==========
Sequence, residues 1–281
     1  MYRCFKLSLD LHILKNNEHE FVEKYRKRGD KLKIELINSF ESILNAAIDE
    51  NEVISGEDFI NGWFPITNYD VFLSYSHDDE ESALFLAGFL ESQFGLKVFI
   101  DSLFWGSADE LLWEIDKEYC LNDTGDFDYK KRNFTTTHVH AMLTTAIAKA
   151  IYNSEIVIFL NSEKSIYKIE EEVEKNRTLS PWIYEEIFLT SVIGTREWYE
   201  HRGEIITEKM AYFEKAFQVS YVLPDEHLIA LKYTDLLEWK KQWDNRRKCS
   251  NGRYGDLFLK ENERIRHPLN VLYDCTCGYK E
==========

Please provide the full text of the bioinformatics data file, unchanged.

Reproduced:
Sequence, residues 1–281
     1  MYRCFKLSLD LHILKNNEHE FVEKYRKRGD KLKIELINSF ESILNAAIDE
    51  NEVISGEDFI NGWFPITNYD VFLSYSHDDE ESALFLAGFL ESQFGLKVFI
   101  DSLFWGSADE LLWEIDKEYC LNDTGDFDYK KRNFTTTHVH AMLTTAIAKA
   151  IYNSEIVIFL NSEKSIYKIE EEVEKNRTLS PWIYEEIFLT SVIGTREWYE
   201  HRGEIITEKM AYFEKAFQVS YVLPDEHLIA LKYTDLLEWK KQWDNRRKCS
   251  NGRYGDLFLK ENERIRHPLN VLYDCTCGYK E